Don’t believe me, just look at the list:
- McCain-Feingold free speech restrictions
- Opposition to tax cuts and using class warfare rhetoric to oppose them
- Joining with Ted Kennedy to push for amnesty for illegals
- Joining with Joe Lieberman to impose regulations on carbon emissions that will devastate the economy
In other words if McCain does lose by a small margin, the real ”Nader of 2008″ will be McCain.
In his Evans-Novak Political Report, Robert Novak - who has the pulse of the Conservative movement - examines potential problems for McCain. Novak (and co-writer Tim Carney) see problems for McCain with libertarian and evangelical factions of the conservative movement:
- Rep. Ron Paul (R-Tex.), who garnered significant chunks of the Republican primary electorate in the late primaries, has made it clear he will not endorse McCain. Paul’s loud and enthusiastic following is small, but if they stay at home or vote third-party in tight states, they could help Obama. McCain will have trouble appealing to limited-government conservatives, but when contrasted with Obama, he could win back many of the Paul followers.
- The key question on the libertarian side of the ledger will be the strength of former Georgia Rep. Bob Barr, the Libertarian nominee. Barr lacks the rock-star quality of Paul, and his mixed record on foreign policy, domestic security, and gay marriage will turn off some of the libertarian purists. Will he appeal to disaffected small-government conservatives?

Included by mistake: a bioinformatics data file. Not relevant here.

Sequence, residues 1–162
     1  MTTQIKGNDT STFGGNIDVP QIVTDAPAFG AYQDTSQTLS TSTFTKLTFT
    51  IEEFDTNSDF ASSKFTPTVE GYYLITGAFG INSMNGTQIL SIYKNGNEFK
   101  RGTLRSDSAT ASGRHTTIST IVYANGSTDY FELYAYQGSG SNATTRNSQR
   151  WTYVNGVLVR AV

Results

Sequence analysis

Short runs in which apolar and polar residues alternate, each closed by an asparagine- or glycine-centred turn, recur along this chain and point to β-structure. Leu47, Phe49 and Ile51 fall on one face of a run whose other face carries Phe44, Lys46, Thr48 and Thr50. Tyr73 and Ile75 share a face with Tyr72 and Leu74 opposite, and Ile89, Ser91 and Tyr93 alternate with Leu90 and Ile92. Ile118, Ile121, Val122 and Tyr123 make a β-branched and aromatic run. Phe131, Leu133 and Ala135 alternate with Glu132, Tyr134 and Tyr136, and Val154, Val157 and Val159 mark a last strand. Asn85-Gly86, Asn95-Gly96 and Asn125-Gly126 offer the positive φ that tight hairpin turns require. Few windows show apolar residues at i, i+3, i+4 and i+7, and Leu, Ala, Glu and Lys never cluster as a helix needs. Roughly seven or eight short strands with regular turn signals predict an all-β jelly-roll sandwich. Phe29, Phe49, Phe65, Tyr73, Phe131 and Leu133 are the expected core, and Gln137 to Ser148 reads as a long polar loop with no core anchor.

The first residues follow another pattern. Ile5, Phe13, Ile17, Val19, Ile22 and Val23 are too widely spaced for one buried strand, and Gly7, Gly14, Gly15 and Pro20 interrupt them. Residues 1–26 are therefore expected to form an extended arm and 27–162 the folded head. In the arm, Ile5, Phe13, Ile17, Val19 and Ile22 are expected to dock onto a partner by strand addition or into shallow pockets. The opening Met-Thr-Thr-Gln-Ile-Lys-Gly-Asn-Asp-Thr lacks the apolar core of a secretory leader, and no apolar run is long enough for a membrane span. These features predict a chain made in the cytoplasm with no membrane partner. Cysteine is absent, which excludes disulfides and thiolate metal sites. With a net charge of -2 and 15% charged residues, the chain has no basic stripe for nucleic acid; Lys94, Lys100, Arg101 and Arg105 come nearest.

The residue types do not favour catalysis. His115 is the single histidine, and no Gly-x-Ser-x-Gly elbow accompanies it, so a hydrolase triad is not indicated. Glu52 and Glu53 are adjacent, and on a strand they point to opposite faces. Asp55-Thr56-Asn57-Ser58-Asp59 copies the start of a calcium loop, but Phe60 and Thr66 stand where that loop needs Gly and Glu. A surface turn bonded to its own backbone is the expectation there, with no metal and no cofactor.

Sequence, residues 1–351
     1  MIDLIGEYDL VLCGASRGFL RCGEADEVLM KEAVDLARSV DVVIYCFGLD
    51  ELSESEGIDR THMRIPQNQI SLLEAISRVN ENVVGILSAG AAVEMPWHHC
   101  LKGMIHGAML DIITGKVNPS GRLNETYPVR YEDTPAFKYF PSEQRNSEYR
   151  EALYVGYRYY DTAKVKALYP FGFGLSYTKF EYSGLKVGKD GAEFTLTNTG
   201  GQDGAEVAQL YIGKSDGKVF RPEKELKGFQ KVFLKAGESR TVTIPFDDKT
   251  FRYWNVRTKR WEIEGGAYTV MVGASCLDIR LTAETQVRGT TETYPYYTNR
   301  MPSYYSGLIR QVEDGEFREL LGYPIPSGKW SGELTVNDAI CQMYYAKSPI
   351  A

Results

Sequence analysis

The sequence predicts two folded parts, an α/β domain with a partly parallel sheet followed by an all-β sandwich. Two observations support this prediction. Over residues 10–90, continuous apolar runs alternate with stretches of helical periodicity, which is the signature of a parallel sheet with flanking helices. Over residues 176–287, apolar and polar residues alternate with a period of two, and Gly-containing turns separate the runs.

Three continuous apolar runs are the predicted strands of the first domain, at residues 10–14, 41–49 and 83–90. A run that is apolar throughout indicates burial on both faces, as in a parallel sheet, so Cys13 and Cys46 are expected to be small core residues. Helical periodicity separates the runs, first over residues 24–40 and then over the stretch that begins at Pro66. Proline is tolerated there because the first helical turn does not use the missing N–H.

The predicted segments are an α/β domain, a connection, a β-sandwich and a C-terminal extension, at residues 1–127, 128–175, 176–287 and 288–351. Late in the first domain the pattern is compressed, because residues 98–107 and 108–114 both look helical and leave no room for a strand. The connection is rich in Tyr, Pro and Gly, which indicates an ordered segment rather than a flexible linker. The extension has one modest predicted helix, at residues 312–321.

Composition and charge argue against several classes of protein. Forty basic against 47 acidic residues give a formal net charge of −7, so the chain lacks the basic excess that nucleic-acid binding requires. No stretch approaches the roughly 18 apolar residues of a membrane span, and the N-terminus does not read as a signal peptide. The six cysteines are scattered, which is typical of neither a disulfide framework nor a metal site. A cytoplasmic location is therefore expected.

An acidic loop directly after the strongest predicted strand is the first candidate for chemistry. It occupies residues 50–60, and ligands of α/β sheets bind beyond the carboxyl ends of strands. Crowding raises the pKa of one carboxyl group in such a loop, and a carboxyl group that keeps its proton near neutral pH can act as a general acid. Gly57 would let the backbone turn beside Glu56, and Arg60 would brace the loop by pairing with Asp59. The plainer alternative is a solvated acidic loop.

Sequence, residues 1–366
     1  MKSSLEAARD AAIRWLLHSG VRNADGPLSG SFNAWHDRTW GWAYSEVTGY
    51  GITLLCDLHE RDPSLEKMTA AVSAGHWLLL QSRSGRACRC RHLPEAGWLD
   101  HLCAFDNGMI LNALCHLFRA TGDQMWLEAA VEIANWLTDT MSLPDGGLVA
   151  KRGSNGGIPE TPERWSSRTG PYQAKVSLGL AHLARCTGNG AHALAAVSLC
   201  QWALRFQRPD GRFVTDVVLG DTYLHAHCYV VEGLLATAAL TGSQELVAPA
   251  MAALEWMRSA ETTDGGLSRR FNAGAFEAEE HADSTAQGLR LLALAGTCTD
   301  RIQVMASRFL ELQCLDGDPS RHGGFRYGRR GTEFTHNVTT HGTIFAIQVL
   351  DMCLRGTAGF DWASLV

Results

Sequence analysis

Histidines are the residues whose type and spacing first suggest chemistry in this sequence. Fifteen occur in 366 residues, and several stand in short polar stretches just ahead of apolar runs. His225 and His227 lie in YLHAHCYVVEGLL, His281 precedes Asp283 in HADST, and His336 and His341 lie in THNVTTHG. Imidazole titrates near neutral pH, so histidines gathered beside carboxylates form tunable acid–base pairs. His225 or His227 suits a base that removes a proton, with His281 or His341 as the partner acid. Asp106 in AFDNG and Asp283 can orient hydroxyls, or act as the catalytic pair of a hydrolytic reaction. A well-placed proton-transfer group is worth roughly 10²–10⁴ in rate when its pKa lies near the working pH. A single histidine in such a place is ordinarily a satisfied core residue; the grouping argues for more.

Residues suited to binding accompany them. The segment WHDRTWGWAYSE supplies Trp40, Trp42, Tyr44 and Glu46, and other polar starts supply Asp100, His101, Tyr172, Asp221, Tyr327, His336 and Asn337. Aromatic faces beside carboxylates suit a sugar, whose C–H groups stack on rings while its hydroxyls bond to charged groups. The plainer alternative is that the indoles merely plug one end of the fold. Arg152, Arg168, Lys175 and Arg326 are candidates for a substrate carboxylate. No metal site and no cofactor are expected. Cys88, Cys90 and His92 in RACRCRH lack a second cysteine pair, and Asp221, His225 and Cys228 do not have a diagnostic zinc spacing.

- Barr sees his strongest region being the Mountain West, where Nevada and Colorado sit on the edge of the McCain-Obama battle. Barr could tip those states in Obama’s direction if he gets just 2 percent.
- The fear of Barr swinging his home state Georgia to the Obama column is overblown. Bush won 58% in Georgia in 2004, and a higher black turnout in 2008 would be partially offset by the white Democrats who vote Republican. Also, remember that Barr lost a GOP primary to end his congressional career, so he is hardly Georgia’s favorite son.
- On the religious conservative side, McCain is also facing difficulties. Ineptitude and insensitivity resulted in insults to two evangelical leaders, the Rev. John Hagee and Focus on the Family’s James Dobson.